Health Savings Account Help
Health savings accounts (HSAs) are tax-favored savings arrangements for individuals and families covered by high deductible health insurance plans. HSAs were created by the Medicare Prescription Drug, Improvement, and Modernization Act of 2003, and became available January 1, 2004.
HSAs allow for tax-deductible contributions and tax-free distributions if distributed amounts are used to pay for qualified medical expenses. Qualified medical expenses include expenses incurred by spouses and dependents even if they are not eligible for an HSA. Although employers may contribute to an employee’s HSA, each HSA is owned and controlled by the individual, not the employer.
Any eligible individual may establish an HSA. Eligibility is determined on a monthly basis. To be eligible, an individual must meet all of the following requirements.
- Covered under a high deductible health plan (HDHP) on the first day of the month
- Generally not covered by any health plan that is not an HDHP (exceptions exist for coverage that is not part of an HDHP for accidents, disability, dental care, vision care, long-term care, or permitted insurance)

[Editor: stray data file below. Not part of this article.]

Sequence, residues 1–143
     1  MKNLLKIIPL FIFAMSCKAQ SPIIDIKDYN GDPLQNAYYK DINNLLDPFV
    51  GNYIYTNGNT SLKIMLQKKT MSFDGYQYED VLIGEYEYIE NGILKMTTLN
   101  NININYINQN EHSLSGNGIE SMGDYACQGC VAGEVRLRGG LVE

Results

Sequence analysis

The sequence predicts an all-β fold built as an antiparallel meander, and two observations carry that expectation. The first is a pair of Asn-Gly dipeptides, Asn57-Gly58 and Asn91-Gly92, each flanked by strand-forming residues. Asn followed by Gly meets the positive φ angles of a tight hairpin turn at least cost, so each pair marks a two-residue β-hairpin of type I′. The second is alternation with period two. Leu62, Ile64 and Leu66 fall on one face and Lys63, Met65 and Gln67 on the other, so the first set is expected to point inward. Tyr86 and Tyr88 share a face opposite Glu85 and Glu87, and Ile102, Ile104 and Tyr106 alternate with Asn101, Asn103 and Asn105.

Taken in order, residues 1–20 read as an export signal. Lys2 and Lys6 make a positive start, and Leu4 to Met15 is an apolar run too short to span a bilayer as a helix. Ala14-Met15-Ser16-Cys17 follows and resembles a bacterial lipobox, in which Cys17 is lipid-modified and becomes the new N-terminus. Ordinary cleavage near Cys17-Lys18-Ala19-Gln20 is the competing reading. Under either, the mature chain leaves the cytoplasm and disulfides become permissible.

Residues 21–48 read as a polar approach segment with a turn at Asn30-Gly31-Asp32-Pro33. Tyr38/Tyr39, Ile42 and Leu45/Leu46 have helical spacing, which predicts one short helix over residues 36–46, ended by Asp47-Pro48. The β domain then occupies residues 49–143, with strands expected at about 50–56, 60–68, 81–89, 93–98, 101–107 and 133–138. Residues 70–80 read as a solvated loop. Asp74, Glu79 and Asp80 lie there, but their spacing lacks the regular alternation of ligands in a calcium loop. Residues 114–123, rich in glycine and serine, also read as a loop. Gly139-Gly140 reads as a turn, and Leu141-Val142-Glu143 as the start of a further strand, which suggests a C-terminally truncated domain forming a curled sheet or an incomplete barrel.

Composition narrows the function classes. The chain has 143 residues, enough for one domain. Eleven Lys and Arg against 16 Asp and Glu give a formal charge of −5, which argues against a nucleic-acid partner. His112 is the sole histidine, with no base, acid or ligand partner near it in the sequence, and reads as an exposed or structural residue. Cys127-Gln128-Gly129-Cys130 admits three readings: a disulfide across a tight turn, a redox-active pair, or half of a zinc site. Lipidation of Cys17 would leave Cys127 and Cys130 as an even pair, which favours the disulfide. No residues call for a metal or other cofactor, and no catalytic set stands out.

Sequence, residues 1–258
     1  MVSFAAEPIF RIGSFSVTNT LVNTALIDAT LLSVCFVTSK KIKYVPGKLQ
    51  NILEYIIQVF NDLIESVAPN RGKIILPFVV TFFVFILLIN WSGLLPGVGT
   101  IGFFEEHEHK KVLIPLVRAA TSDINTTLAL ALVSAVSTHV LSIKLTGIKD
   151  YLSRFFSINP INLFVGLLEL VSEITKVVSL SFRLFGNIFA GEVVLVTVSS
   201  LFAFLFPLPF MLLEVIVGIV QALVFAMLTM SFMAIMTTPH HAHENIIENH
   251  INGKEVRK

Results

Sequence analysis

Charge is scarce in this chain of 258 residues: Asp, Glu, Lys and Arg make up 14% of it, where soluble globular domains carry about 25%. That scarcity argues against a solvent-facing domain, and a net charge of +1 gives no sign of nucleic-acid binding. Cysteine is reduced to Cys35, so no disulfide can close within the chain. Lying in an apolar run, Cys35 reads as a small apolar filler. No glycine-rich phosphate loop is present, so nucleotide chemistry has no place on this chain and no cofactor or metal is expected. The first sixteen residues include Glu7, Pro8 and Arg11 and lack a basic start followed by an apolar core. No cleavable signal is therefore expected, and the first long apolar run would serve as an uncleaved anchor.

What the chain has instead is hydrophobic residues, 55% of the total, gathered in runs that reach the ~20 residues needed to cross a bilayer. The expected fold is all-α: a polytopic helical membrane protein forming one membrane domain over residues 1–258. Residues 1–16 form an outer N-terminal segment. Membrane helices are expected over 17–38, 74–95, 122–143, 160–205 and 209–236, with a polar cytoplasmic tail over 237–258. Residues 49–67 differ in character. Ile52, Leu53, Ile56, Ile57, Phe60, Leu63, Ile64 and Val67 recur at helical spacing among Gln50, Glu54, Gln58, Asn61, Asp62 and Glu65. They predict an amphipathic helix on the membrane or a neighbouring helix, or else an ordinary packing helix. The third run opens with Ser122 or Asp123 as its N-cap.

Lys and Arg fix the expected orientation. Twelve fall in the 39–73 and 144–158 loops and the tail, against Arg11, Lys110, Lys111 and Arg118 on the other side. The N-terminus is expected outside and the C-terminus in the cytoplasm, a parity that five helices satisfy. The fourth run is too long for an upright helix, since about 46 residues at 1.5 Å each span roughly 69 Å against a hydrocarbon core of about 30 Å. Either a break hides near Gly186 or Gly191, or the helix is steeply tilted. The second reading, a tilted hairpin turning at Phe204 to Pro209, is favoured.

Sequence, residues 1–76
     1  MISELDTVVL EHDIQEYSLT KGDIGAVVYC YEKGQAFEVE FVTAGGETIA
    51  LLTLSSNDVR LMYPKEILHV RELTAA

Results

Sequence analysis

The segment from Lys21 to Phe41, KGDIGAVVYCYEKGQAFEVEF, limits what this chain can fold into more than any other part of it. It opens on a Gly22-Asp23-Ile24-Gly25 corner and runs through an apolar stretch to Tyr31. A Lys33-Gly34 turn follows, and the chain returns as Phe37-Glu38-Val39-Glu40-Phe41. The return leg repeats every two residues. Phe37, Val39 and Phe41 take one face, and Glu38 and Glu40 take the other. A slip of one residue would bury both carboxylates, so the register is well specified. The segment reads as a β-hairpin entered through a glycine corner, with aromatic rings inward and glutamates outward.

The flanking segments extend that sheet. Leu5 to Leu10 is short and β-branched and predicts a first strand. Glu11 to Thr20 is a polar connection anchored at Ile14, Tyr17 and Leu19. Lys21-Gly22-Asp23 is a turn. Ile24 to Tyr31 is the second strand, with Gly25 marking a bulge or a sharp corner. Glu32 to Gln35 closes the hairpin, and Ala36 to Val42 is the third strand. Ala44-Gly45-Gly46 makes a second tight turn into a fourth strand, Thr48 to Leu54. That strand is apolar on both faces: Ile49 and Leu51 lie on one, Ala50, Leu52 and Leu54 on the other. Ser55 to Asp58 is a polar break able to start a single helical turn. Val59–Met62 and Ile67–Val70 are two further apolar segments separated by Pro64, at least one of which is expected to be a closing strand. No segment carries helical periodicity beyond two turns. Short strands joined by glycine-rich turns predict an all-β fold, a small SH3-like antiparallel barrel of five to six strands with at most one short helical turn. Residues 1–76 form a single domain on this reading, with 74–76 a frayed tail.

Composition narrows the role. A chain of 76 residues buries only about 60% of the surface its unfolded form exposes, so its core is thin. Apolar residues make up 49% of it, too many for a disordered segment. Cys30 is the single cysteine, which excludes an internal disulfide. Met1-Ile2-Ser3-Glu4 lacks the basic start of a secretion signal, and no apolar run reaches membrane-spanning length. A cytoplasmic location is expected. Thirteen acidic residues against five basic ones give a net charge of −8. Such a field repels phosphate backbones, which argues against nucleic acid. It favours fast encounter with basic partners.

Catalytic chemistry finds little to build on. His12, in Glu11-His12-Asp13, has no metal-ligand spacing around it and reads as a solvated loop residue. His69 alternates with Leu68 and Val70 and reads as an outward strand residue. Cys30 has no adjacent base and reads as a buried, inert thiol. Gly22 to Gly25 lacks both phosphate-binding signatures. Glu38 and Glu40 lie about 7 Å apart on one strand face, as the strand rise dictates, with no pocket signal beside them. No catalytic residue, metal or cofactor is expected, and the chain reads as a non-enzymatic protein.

- Not enrolled in Medicare
- Not able to be claimed as a dependent on another person’s tax return
NOTE: Permitted insurance is insurance under which substantially all of the coverage provided relates to liabilities incurred under workers’ compensation laws, tort liabilities, liabilities relating to ownership or use of property (e.g., automobile insurance), insurance for a specified disease, or illness and insurance that provides a fixed payment for hospitalization.
A health plan is an HDHP if the plan satisfies the following annual deductible and out-of-pocket expense requirements for self-only or family coverage.